For us, arriving at EBC is the end of the trekking phase, as we look forward to the climbing phase of the expedition. Tomorrow we will have a Puja ceremony for us and our Sherpa team, held by a visiting Lama who is the father of one of our Climbing Sherpas. That will put us in a great position to continue our training and climbing.
These camps don’t just pop up but are result of weeks of work by the Sherpa teams to dig out tent platforms from the rocky glacier, erect the huge tents used for cooking, storage, dining and more then put up all of their sleeping tents plus those for the members. And after the season is over, the same Sherpas will take down everything, clearing the area of any trash only to return in six months for the rare autumn expedition or next year for the annual event.
The same thing happens on the Tibet side. 7 Summits Club’s Sherpas are also hard at work building their base camp. They boast:
The base camp of the expedition of the 7 Summits Club on Everest is certainly the best, most comfortable in the Himalayas. The accumulated vast experience in its organization allows the team of our Sherpas quickly and efficiently recreate it from year to year. Now in the base camp preparation works are finishing. By the arrival of the guests, that is, the main part of the expedition, everything will be ready – the camp will be provided with everything necessary…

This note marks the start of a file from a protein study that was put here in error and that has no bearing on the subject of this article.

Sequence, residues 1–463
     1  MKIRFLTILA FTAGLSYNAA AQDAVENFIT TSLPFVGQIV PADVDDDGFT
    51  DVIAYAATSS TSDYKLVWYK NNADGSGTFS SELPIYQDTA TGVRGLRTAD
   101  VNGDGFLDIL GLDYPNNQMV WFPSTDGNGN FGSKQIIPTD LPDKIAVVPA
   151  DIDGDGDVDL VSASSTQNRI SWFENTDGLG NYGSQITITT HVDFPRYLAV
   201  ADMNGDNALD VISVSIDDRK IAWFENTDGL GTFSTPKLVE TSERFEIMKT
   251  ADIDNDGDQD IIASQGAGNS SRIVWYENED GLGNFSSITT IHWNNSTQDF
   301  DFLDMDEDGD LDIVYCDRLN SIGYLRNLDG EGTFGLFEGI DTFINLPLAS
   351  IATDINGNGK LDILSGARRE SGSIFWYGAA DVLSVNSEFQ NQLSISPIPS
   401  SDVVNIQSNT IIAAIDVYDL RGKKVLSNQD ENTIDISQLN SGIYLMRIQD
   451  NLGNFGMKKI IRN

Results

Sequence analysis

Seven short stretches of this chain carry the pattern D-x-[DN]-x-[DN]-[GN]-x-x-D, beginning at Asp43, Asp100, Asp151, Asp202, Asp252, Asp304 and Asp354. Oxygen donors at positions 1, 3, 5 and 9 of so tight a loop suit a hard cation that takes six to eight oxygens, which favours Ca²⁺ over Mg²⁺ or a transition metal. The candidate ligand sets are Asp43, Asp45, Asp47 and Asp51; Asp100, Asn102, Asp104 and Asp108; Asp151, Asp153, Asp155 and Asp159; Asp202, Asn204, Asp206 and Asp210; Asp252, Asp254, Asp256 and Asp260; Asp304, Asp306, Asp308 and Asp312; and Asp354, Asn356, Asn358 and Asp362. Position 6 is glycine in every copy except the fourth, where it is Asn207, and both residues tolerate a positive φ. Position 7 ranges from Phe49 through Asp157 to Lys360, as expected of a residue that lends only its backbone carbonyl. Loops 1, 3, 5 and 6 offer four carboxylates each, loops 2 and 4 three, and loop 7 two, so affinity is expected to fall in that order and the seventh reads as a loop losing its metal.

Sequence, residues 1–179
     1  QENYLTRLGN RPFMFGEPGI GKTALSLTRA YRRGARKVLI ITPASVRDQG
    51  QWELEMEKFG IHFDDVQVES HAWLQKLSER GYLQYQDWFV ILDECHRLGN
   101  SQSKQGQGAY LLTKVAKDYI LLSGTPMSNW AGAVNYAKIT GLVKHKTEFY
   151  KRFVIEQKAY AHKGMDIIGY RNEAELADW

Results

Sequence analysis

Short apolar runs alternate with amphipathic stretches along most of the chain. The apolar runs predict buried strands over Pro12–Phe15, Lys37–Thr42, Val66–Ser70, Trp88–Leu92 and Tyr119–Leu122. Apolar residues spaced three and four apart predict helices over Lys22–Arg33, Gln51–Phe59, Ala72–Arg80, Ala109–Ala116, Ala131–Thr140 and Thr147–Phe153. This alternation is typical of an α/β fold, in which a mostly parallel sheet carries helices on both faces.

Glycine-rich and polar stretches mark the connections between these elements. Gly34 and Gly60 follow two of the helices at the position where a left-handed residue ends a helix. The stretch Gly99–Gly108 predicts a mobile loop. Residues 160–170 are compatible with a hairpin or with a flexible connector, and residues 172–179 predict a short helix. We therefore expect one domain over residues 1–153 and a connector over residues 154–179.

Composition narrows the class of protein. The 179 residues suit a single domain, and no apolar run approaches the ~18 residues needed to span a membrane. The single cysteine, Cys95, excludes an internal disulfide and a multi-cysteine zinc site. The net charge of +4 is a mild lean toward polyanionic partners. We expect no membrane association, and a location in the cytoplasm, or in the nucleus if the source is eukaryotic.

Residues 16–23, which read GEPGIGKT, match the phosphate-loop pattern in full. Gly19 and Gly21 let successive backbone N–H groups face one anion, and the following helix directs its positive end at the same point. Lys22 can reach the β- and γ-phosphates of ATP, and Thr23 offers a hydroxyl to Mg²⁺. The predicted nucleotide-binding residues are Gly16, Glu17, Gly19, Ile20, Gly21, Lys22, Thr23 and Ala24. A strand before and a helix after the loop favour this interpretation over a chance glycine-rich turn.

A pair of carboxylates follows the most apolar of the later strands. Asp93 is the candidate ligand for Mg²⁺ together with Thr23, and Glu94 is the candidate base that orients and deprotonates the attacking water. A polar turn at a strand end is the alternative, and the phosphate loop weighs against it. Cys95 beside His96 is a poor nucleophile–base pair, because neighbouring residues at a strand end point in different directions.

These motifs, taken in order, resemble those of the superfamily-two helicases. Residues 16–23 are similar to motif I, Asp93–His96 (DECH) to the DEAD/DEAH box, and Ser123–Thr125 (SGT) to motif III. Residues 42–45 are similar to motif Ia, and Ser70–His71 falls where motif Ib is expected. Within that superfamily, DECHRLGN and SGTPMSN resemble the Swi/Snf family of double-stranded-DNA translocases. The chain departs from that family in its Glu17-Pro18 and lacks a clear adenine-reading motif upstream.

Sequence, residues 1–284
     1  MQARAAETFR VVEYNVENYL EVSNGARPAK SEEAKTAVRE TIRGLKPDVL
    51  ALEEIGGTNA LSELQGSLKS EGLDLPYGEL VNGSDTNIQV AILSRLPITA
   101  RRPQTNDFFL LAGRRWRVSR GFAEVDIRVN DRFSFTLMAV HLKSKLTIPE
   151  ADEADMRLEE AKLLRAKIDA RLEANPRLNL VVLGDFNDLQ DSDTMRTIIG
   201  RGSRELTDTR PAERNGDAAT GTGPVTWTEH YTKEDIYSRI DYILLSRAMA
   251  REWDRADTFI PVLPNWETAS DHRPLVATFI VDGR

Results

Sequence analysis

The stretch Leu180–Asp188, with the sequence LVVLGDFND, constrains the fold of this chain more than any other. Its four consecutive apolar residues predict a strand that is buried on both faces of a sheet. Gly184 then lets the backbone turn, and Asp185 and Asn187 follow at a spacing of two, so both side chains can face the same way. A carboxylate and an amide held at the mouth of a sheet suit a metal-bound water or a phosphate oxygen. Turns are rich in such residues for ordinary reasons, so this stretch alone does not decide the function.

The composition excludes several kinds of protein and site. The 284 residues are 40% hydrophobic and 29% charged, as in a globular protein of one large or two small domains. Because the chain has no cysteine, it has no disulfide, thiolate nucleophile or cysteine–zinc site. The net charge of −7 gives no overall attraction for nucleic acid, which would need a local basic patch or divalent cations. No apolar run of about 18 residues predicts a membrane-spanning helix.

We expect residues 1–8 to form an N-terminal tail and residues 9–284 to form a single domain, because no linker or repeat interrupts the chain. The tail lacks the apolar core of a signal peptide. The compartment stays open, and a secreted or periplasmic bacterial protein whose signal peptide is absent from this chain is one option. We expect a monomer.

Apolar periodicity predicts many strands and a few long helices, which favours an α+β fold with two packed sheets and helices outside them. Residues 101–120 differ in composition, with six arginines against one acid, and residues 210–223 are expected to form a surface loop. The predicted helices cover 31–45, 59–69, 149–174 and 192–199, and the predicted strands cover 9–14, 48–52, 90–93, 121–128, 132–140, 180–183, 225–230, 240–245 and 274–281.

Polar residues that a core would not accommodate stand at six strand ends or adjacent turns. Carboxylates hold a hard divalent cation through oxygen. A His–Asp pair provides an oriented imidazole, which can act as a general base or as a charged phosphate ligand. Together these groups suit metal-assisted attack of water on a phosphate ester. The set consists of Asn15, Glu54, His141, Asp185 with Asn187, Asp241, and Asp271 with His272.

EverestER notes they are busy already with patients:
As we settle in to our tents and meet our growing community, we’ve seen just over 20 patients in the first week of operations, with one evacuation for serious altitude illness.
They too had to build their base:
Lobuche is seeing a lot of summits. Both IMG and Climbing the Seven Summits aka CTSS have put climbers on the East summit as part of their overall acclimatization program.
Back to the Tibet side, Dave O’Brien of Summit Climb gave a brief update as they make the five day journey from Lhasa to CBC. The drive is shorter but they take an extra day here and there for acclimatization. Lhasa is at 3,600-meters/11,800-feet and CBC at 5,182-meters/17,000-feet
Hi This is David O’Brien Everest leader. We’ve driven up onto the barren dusty Tibetan plateau today over a high pass of 5200m. Well stay in Tingri (4300m) for two nights to continue our acclimatisation. Tingri is a gritty, no nonsense, everything on a single kilometre strip of road sort of town. You really feel like your in Tibet. If the clouds part well see Everest for the first time; if not it’s a bit more shopping and a rest up in the surprisingly comfortable rooms.